Big Science and Long-tail Science

Jim Downing and I were privileged to be the guests of Salvatore Mele at CERN yesterday and to see the Atlas detector of the Large Hadron Collider . This is a “wow” experience – although I “knew” it was big, I hadn’t realised how big. I felt like Arthur Dent watching the planet-building in the The Hitchhiker’s Guide to the Galaxy. It is enormous. And the detectors at the edges have a resolution of microns. I would have no idea how to go about building it. So many thanks to Salavtore and colleagues. And it gives me a feeling of ownership. I shall be looking for my own sponsored hadron (I’ve never seen one). So this is “Big Science” – big in mass, big in spending, big in organisation, with a bounded community. A recipe for success.

 

CMS detector for LHC

 

The main business was digital libraries, repositories, Open publishing, etc. It’s clear how CERN with it’s mega-projects (“big science”) can manage ventures such as the SCOAP3 Open Access publishing venture. And the community will need somewhere to find the publications – so that is where repositories come in.

There is no question that High-energy physics (HEP) needs its own domain repository. The coherence, the specialist metadata, the specialist data for re-use. HEPhysicists will not go to institutional repositories – they have their own metadata (SPIRES) and they will want to see the community providing the next generation. And we found a lot of complementarity between our approaches to repositories – as a matter of necessity we have had to develop tools for data-indexing, full-text mining, automatic metadata, etc.

But where do sciences such as chemistry, materials, nanotech, condensed matter, cell biology, biochemistry, neuroscience, etc. etc. fit? They aren’t “big science”. They often have no coherent communal voice. The publications are often closed. There is a shortage of data.

But there are a LOT of them. I don’t know how many chemists there are in the world who read the literature but it’s vastly more than the 22,000 HEP scientists. How do we give a name to this activity. “Small science” is not complementary; “lab science” describes much of it it but is too fixed to buildings.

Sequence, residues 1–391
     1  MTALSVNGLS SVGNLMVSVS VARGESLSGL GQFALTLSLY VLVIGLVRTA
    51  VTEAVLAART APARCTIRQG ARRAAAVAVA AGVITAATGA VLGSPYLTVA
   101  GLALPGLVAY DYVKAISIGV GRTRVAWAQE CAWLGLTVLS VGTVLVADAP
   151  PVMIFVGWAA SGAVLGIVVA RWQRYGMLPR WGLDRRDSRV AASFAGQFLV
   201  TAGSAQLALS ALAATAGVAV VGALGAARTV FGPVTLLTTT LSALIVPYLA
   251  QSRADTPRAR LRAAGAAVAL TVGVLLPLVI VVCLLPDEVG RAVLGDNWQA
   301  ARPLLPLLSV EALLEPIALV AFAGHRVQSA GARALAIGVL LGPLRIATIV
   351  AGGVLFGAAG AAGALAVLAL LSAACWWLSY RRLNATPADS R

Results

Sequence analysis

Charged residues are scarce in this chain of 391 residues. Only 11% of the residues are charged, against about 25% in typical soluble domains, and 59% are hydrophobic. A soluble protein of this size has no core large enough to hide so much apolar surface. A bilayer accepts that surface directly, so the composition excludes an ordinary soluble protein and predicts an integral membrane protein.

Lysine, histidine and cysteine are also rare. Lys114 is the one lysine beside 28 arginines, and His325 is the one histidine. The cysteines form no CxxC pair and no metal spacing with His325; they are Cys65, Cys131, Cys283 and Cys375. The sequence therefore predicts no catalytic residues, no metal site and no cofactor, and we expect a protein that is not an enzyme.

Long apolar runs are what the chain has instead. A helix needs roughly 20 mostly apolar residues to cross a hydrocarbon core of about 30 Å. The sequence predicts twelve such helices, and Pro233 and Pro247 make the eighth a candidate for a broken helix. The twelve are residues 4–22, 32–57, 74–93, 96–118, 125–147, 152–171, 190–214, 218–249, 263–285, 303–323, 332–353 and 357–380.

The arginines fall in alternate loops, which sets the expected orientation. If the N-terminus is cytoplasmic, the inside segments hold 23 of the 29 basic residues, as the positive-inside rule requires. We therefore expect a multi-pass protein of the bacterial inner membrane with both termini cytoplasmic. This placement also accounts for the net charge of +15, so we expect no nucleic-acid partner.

Jim Downing cam up with the idea of “Long Tail Science”. The Long Tail is the observation that in the modern web the tail of the distribution is often more important than the few large players. Large numbers of small units is an important concept. And it’s complimentary and complementary.

So we are exploring how big science and long-tail science work together to communicate their knowledge. Long-tail science needs its domain repositories – I am not sanguine that IRs can provide the metalayers (search, metadata, domain-specific knowledge, domain data) that are needed for effective discovery and re-use. We need our own domain champions. In bioscience it is provided by PubMed. I think we will see the emergence of similar repositories in other domains.

I am on the road a lot so the frequency (and possibly intensity) of posts may decrease somewhat…

APE2008 – ARNE RICHTER: EGU and JACP

I’m not keeping up with the backlog of things I have brought away from APE 2008 Academic Publishing in Europe “Quality & Publishing” – I find it difficult to comment several days after the event (Please can conferences install wireless for everyone. Then you are likely to get bloggers telling the world about what is going on.).  So the actual content here is bitty as it’s real-time phrases rather than more joined-up prose.